The global implications of this official court decision cannot be overlooked. Considering that globally almost half of pregnancies are unplanned, that over 60% of unwanted pregnancies end in abortion, of which 45% are considered unsafe, the new regulations represent a step back for human rights, sustainable development goals and initiatives to promote gender equality.[7] In a statement regarding the overturn, Sarah Shaw, a health advocacy lead from MSI Reproductive Choices, an international non-profit aimed at increasing access to family planning services said “Decisions made in the US have an impact far beyond their borders”. 


Already, government officials in Argentina and El Salvador have congratulated the Supreme Court, and stated the with that their own countries will also ban abortion in the near future[8].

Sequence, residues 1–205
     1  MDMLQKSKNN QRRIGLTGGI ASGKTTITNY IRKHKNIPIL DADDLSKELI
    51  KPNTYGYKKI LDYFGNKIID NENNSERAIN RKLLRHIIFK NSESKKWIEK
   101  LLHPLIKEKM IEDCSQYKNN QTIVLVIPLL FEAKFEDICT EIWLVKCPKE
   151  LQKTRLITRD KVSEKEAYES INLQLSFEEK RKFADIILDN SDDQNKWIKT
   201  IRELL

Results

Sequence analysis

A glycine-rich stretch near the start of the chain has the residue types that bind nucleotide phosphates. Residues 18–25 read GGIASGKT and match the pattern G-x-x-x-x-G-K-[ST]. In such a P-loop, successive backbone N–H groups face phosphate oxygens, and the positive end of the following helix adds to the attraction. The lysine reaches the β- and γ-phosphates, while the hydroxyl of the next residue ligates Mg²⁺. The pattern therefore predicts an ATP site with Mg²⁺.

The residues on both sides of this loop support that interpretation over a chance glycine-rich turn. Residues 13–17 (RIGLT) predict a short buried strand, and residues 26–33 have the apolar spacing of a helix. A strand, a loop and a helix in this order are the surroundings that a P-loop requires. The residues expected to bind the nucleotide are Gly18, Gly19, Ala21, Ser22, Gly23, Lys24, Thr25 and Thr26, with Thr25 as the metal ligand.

The United States is hesitant to label domestic policy issues as “Human Rights issues”. However, international organizations, leaders, and advocacy groups have been readily highlighting the threats and implications of Dobbs v Jackson. With a trend in North America and Europe towards conservative governmental policies, the overturn of Roe could be more than just an individual ruling.



[1] Dobbs v Jackson, 597 U.S, 19 - 1393 (2022) (Thomas C. Concurring)

[2]Trudeau, Justin [@JustinTrudeau], “The news coming out of the United States is horrific…”, Twitter, 24 June 2022

[3]Ardren, Jacinda [@JacindaArdern]. “Photo with text: Here in New Zealand we recently legislated…”, Instagram, 25 June 2022

[5] Macron, Emmanuel [@EmmanuelMacron] “Abortion is a fundamental right for all women…” Twitter, 24 June 2022

[6] Ardren, Jacinda, Instagram, 25 June 2022

[8]Granata, Amalia [@AmaliaGranata], “En el mundo hay otra vez…”, Twitter, 24 June 2022